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Should you buy a house right now, or wait until interest rates come back down?

Sept. 20, 2022
5 mins
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The cost of living in Canada is higher than most can afford, whether you’re renting or looking to buy property. And the Bank of Canada’s fifth consecutive interest rate hike this year has given many potential buyers pause, despite falling home prices.

Housing market activity has consequently slowed as buyers remain hesitant to purchase amidst high interest rates.

As a result, many Canadian buyers are likely wondering whether to buy now and dodge even higher interest rates to come, or to trust in the Bank’s ability to one day rein in inflation and postpone their purchase. For most, the decision lies in where house prices are headed and when rates are expected to plateau.

Should buyers wait for home prices to fall more in Canada?

According to the Canadian Real Estate Association (CREA), the national average house price in Canada was $637,673 as of August, down 3.9% from August 2021, and home sales have also declined for six consecutive months. However, CREA expects the national average home price to increase 3.1% annually, up to $786,282, in 2023. Ontario’s average home price, in particular, is forecast to increase by 5.4%, and Alberta’s by 1.5%.

There is still time, of course, for house prices to fall further. In fact, RBC is predicting a 14% decline in the benchmark home price by early 2023, from the recent peak. Some buyers might simply be waiting for a rock bottom market to purchase.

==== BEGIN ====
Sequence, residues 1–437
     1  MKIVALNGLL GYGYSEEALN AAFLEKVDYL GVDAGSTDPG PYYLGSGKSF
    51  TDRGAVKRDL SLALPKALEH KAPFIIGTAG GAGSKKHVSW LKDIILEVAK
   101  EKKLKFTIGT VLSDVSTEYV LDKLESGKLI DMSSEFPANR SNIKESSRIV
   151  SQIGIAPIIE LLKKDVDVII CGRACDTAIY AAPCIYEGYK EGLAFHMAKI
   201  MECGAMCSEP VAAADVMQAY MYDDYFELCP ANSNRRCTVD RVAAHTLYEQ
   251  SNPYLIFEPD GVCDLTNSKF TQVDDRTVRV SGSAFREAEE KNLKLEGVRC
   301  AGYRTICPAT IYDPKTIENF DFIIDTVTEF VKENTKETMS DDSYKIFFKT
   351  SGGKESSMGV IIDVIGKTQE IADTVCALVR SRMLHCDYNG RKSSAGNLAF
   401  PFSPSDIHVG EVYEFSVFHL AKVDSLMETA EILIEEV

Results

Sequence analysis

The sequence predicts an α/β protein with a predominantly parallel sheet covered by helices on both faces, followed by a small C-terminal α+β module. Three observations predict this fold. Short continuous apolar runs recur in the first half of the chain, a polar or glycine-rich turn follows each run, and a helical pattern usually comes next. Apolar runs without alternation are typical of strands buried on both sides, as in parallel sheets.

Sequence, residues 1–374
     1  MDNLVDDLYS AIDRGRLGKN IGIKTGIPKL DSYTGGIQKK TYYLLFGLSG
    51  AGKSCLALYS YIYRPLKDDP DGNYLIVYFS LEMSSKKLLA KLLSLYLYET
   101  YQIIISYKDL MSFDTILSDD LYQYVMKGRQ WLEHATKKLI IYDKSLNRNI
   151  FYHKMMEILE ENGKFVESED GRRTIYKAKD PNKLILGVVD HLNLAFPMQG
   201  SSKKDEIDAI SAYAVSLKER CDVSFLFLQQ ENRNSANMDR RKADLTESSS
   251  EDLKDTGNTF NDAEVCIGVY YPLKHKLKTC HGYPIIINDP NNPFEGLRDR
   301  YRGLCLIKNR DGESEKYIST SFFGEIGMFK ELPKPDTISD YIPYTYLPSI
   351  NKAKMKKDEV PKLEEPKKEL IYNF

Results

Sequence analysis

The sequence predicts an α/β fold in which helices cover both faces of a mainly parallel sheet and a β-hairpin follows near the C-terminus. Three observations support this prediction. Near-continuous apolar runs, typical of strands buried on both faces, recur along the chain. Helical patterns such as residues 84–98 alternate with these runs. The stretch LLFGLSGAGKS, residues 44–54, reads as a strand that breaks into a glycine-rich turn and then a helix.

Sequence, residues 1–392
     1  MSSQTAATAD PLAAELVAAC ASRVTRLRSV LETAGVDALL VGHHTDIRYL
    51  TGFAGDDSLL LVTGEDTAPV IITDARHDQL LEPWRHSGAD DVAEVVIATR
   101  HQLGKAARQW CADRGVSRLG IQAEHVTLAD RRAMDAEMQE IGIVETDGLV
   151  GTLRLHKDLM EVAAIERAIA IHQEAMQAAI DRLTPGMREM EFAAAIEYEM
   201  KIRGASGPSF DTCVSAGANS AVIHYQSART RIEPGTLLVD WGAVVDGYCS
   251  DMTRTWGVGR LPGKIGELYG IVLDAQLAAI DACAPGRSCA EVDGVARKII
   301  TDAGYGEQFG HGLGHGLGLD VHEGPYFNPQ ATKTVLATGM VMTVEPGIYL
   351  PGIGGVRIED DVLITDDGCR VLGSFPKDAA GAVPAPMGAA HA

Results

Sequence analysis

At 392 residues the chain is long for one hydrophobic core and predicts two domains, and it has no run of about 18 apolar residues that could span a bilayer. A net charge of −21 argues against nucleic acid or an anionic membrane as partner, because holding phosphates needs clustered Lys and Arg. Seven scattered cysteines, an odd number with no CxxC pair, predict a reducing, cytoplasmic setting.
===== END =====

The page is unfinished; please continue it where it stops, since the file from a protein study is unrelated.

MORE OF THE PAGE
“There are those who are going to try to time the market and buy at the lowest point to make the most bang for their buck,” says Chelsey Chapman, sales representative with the Rayner Real Estate Team at Keller Williams Edge Realty in Burlington, Ont. “These people maybe don’t need to buy or sell, so they have the option of waiting it out.”

However, this strategy can be counterintuitive.

“The increased annual interest rate you’ll end up paying will essentially offset any sort of discount that you’ll get upfront on the sale price,” says Chapman. “Even if prices drop 30%, if interest rates are going from 5% to 12%, the interest you’ll end up paying over time can actually be equal to if not more than any discount you’ll get waiting for prices to continue to decline.”

Falling home prices, rising interest rates: what options do buyers have?

Waiting an indefinite amount of time for rates to fall can be a more comfortable decision for those who have the time. However, some homebuyers may have more urgency behind their decision than others.

“There’s an additional subset of people who are in a lifestyle circumstance,” says Chapman. “Maybe they’re going through a divorce, downsizing, or have a job relocation and don’t have the choice to wait for the market to come back around.”

Buyers in this boat may need to put more effort toward prioritizing a realistic payment structure with their broker.

“If your finances allow for it, take advantage of the lender’s prepayment options by paying more toward the principal balance,” says Victor Tran, RATESDOTCA mortgage and real estate expert. “Any extra amount above the minimum mortgage payment will go directly toward the principal balance, not the interest. The interest charged on subsequent mortgage payments will be calculated based on the lower balance owing.”